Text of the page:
2. "This is the feel-good approach to immigration control. ... The only pain is experienced by the migrants themselves. It doesn't hurt U.S. consumers; it doesn't hurt U.S. businesses." (Wayne Cornelius, an "expert on immigration issues at the University of California at San Diego.)We're the U.S., right? If the solution doesn't hurt our consumers and businesses, isn't that a good thing? Of course the fence will hurt businesses and consumers, if it works, by blocking a supply of inexpensive labor. But it will probably help low-skilled American workers, whose wages would rise. And it will avoid pain to "migrants themselves" by deterring them from attempting to cross the desert, where many have been dying. I hope for Cornelius' sake he was misquoted. **
3. When they built a short stretch of fence in San Diego, it "forced illegal traffic into the deserts to the East." Somehow this is supposed to be an argument that a fence doesn't work.
4. "T.J. Bonner, the president of the National Border Patrol Council, the main union for Border Patrol agents" opposes it. Isn't that a little like the president of the tolltakers' union opposing E-Z-Pass? Of course the border patrol agents oppose a fence, because a fence is an inanimate object that will do the job it would otherwise take hundreds and hundreds of dues-paying human union members to do! Duh.
5. Litigation might delay construction: This is a more or less circular argument--you can't build the fence, say anti-fence groups, because those nasty anti-fence groups will sue and delay construction! Under this argument few public projects would ever be built if they were opposed by interest groups with enough money to hire lawyers. (In fact, according to WaPo, the Department of Homeland Security can defeat some lawsuits by invoking a law that exempts border fence projects "from federal and state regulations in the interest of national security."
6. The fence will cost too much. The San Diego fence wound up costing "more than $5 million a mile." At that rate, the 700 miles of proposed fence would cost $3.5 billion, rather than the $2 billion estimated. A cost overrun! But still cheap. Other estimates run as high as $9 billion. That's also relatively cheap--the Alaska pipeline, for comparison, cost $26 billion in today's dollars. Keep in mind that fence opponents claim they are going to use other, alternative means that are allegedly equally effective at deterring illegal immigration. And compared to all the cameras, vehicles, and "ground based radar"--and of course, all the additional well-paid camera-watchers, vehicle drivers, radar operators and border guards--a fence has some virtues. A fence doesn't need annual raises. It doesn't need a pension. It doesn't unionize or sue for back pay. It also doesn't take bribes or accidentally shoot poor immigrants in the night (or get shot by narcotics traffickers). It just sits there. Compared with more labor-intensive alternatives, fences tend to be cheap, which is why most people build fences around their back yards rather than employing "ground based radar" and guards.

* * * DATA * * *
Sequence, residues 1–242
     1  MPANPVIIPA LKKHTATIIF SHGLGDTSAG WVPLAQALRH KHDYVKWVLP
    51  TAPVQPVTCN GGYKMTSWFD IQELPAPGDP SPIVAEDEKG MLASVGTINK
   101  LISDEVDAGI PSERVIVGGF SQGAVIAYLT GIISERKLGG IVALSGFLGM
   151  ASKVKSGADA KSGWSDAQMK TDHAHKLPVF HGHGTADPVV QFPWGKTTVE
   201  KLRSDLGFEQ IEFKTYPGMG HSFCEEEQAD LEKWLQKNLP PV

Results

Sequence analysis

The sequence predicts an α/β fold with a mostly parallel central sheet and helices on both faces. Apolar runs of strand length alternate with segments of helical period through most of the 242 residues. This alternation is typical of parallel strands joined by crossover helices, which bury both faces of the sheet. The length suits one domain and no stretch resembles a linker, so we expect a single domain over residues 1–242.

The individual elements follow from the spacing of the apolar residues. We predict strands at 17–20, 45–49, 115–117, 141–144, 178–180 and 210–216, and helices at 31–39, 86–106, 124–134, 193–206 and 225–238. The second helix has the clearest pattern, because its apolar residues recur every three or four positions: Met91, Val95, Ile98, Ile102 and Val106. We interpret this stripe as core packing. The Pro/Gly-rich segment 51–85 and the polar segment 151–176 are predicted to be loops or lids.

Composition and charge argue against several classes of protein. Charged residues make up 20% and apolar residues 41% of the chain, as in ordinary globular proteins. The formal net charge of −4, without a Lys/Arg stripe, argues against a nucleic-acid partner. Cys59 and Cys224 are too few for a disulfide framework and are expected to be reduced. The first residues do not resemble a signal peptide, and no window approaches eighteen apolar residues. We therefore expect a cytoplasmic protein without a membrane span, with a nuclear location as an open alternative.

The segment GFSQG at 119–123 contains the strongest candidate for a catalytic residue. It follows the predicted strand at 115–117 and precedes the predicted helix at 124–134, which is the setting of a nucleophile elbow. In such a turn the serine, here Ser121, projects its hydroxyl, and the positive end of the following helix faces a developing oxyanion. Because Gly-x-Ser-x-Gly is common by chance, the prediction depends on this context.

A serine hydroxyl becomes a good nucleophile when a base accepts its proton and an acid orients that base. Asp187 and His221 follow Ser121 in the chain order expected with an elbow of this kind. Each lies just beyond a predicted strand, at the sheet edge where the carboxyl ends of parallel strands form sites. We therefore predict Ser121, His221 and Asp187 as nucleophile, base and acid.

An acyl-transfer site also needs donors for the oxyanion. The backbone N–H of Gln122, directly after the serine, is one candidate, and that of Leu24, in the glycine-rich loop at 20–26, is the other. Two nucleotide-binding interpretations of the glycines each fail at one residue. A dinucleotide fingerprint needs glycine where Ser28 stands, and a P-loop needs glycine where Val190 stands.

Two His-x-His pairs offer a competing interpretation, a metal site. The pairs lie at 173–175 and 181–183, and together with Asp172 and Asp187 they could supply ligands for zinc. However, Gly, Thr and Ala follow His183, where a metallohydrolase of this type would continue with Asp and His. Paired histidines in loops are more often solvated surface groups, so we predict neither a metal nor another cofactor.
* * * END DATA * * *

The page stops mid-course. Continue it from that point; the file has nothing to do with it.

7. "[E]fforts to protect pronghorn sheep and encourage the jaguar to return to the United States could be seriously affected." We can patrol the whole border with high-tech cameras and "ground-based radar," yet we can't cut some holes for pronghorn sheep and patrol just them with cameras and "ground-based radar"? That would be something for the unionized border guards to do! But I guess we might have to give up the jaguar.... Oh wait, we don't have jaguars. We might have to give up re-acquiring the jaguar. OK. Which will it be: No new jaguars or no new illegal immigrants. Let's vote!
Another argument against the fence, not made by Pomfret, is that it will offend Mexico. It might! But of course, Mexico isn't worried the fence won't work. Mexico is worried the fence will work. Which is the same thing many Americans who say the fence won't work are worried about.
P.S.: None of these arguments matter, of course, because President Bush has already said he'll build the fence.
Question: "Are you committed to building the 700 miles of fence, actual fencing?"
President Bush: "Yes ..."
He's committed! And he's as good as his word. Right?
**--The Chinese government, apparently unaware of Prof. Cornelius' expertise, is building a "large barbed wire and concrete fence" along parts of its border with North Korea. The Saudi government--almost as susceptible as the Chinese to "feel good" solutions--is planning a 900-kilometer fence on its border with Iraq. 10:50 P.M. link